Are you getting your home ready for Easter? If you’re scoping out ideas for Easter gifts, you may get excited about the thought of giving a live rabbit to your child. However, this may not be a good idea.
Giving a bunny as a gift on the day on which a magical gift-giving bunny is featured certainly has its appeal. However, control this impulse as a favour to both your children and to the rabbit that may be chosen as a pet. Instead, why not select from the many wonderful gifts available?
Real Life Bunnies Shouldn’t be Purchased Without Careful Thought
Bunnies are so charming and make such good companions, it is not surprising that they are the third most popular pets in Canada, right behind dogs and cats. It is also not surprising that they are the third most frequently abandoned pets.
Thousands of rabbits are taken to animal shelters right after Easter, the day on which these little creatures are so often given as gifts to children. Even worse, many are abandoned and left to fend for themselves—and that’s bad because these are animals of prey who have no idea how to survive in the wild. In many communities, dumping unwanted rabbits is illegal.
Here is Why a Live Bunny is Not a Good Easter Gift:
1. Rabbits live from 8 to 12 years, and owning one means making a long-term commitment.
2. Young children can’t be left alone with a rabbit because they don’t understand how fragile rabbits are and how easily they can be hurt. Rabbit bones can break and their limbs can become dislocated if these pets are dropped, held too tightly, or jerked around.
3. Rabbits are nervous creatures by nature. Too much noise, activity, and even other family pets can upset them so much that they can have heart attacks! For the same reason, they need to be housed indoors instead of outdoors, because roaming animals outside can frighten them enough even when they are safe inside a cage.
4. Rabbits don’t like being picked up without warning, and they will scratch and hurt a child out of self-defense (especially those who attempt to lift the bunny incorrectly).
5. Rabbits not only need a cage, but they also need to be given space to exercise outside the cage.
6. Rabbits are social animals and need someone—an adult or an older child—to play with them, to litter box train them so they are not creating messes to be cleaned up each day, and to give them the daily, gentle companionship they crave.
7. Bunnies love to chew, and they will chew on almost anything. You need to rabbit-proof play areas for them so they don’t chew your furniture, electrical cords, or anything else that isn’t safe.
8. Rabbits are herbivores and don’t eat meat. Their special diet needs change as they age.
9. Like dogs and cats, rabbits need an annual checkup by a veterinarian and should be spayed or neutered when they mature. They are classified as exotic pets and must be taken to veterinarians who have taken special training to care for them.
Instead of Live Rabbits, Here are Some Great Easter Gift Ideas
Whatever your reasons to celebrate Easter and whether you have a lot or very little money to buy presents, there are plenty of other Easter gifts! You can find them in a great range of prices and at many stores as the holiday approaches.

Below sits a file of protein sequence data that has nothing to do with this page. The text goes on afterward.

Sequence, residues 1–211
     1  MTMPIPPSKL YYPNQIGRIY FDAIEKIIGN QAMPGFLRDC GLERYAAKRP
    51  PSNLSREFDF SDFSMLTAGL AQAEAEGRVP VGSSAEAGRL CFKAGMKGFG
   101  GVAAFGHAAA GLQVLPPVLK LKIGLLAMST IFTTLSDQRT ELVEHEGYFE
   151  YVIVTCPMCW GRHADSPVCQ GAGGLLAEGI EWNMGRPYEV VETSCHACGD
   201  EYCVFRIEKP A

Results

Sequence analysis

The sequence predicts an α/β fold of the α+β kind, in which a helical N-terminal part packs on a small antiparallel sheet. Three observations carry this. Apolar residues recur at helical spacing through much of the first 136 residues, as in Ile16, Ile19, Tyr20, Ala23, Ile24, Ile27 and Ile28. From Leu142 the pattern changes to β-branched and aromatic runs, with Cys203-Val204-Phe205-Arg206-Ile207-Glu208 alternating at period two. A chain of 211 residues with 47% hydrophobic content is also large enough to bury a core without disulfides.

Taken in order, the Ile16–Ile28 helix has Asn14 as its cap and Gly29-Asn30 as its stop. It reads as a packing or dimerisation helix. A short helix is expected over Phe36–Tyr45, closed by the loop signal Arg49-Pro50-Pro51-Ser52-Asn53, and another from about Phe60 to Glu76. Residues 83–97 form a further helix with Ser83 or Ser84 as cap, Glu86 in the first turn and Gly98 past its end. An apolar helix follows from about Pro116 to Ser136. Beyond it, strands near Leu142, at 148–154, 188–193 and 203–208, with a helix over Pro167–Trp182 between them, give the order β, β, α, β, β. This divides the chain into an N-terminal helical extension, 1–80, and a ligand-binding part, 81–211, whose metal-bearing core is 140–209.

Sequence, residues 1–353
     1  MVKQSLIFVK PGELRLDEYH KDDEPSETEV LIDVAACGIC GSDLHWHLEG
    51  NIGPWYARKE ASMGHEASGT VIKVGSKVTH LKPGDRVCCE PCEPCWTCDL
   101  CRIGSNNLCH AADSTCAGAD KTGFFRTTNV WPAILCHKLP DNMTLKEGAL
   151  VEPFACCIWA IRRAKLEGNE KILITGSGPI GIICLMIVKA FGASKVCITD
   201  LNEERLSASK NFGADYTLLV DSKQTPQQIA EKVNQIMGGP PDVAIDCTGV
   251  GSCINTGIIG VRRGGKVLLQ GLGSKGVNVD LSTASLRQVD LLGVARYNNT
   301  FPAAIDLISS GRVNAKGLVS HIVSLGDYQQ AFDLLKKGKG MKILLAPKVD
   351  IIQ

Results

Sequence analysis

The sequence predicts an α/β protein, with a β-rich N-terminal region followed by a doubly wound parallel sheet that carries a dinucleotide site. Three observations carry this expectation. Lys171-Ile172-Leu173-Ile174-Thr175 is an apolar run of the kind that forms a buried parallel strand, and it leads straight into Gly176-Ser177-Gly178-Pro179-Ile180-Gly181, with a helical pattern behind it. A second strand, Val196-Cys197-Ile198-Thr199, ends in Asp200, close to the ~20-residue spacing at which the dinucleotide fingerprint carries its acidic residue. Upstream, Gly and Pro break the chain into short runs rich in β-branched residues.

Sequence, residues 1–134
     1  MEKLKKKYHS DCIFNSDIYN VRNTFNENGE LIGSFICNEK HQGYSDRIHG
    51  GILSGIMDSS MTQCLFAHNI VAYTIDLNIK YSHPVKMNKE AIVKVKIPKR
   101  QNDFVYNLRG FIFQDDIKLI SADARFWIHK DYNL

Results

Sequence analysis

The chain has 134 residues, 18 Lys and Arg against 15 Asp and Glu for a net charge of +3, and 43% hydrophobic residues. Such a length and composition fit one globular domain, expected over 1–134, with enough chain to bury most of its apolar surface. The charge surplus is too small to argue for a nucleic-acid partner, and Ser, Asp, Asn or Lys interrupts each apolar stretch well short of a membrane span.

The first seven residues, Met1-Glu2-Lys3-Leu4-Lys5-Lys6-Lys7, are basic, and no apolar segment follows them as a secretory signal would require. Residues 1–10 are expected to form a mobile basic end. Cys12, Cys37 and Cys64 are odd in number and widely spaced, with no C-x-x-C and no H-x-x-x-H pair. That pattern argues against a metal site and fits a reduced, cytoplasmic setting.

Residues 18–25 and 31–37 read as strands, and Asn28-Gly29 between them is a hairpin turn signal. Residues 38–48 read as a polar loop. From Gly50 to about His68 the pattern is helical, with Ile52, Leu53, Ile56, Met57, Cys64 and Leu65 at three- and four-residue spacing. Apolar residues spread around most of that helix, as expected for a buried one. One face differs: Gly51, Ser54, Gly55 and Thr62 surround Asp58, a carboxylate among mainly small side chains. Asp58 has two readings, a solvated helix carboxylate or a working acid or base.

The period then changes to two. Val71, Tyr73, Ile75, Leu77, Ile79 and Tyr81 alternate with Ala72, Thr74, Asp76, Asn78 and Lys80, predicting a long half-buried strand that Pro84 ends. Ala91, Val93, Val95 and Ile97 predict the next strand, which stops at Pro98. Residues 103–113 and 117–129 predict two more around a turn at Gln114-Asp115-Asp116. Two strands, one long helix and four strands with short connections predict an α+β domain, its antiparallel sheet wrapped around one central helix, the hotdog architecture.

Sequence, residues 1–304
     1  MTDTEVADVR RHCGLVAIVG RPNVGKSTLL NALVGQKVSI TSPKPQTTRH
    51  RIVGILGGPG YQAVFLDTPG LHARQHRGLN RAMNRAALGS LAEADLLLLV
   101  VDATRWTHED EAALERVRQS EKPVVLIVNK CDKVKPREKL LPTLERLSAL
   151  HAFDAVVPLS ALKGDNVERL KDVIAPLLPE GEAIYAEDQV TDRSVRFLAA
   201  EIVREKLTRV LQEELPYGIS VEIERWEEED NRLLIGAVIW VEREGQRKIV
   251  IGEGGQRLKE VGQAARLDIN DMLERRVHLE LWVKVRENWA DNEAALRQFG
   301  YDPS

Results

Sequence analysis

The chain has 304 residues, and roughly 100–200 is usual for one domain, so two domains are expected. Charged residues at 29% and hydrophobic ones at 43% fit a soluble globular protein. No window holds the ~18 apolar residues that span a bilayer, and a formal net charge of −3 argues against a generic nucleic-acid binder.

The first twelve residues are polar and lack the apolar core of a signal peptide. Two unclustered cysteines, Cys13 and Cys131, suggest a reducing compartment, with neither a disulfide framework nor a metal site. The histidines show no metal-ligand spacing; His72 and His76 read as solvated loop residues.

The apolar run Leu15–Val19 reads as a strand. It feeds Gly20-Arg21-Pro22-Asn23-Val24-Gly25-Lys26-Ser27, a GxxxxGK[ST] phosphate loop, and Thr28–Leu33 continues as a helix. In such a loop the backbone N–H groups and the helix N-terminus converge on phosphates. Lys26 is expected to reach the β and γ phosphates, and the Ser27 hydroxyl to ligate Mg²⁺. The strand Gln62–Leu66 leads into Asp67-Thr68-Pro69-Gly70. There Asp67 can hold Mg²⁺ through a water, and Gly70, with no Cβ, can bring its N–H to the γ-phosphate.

1. General Gift Suggestions
- You can’t go wrong with stuffed, cuddly little bunnies that come in all sizes, colours, and at every price.
- Chocolate and candied bunnies and eggs—hollow or filled with a variety of yummy centers—are in grocery, candy, and corner stores. You can find candy and chocolate for diabetics as well as dairy-free, gluten-free, and Fair Trade candy.
- ‘Tis the season for outdoor play! Treat your kids with skipping ropes, yo-yos, Frisbees, balls, or kites.
are many suitable books for children of all ages to enjoy, such as:
- Guess How Much I Love You – boxed with a cute, stuffed bunny for young children
- The Berenstain Bears and the Easter Story
- Meet the Easter Beagle – and it’s Snoopy, of course!
- Silly putty eggs filled with slime that stretches and bounces.
- A Lego Easter Egg Painting Set is fun for older kids.
- Easter baskets filled with small Easter trinkets, toys, and goodies are always welcome. For children not allowed candy, substitute it with fresh or dried fruit.
- Plastic eggs – you can buy these pre-filled with candy or empty for you to stuff with healthier food choices or with little toys.
2. Easter Experiences:
- Kids love to colour and decorate eggs for Easter! Egg painting kits are inexpensive and available at most grocery stores. Even less expensive are your own cups filled with boiling hot water, 1 teaspoon of vinegar, and 10 drops of food colouring. Using a tablespoon, you can dunk hardboiled eggs into the coloured water and wait for 3 to 5 minutes. For further eggs decorating ideas, search the Internet or your local library.
- Using Easter themed cookie cutters available from the dollar store, cut bunny, egg, and flower shapes from rolled out sugar or shortbread batter. Bake, cool, and have children decorate the cookies with colored icing, chopped nuts, and candied cherries.
- Help children plant seeds or seedlings into pots for indoor windowsill gardening. Eventually they’ll get to see lots of colourful flowers sprouting!
- Visit an animal or bird sanctuary as a family outing on Easter weekend.
- Make an appointment to visit a local animal shelter, so that your children can visit the rabbits and hold one.
- If there is a community-sponsored Easter egg hunt in your area, your children will be welcome to hunt for eggs. Make sure you get there on time! If you have a yard, you can have your own Easter egg hunt. (Don’t forget to keep a little map showing where they have been hidden!)
With so many wonderful gift choices available, you can easily stifle the urge to bestow a live bunny on a child at Easter. Happy Easter, everyone!
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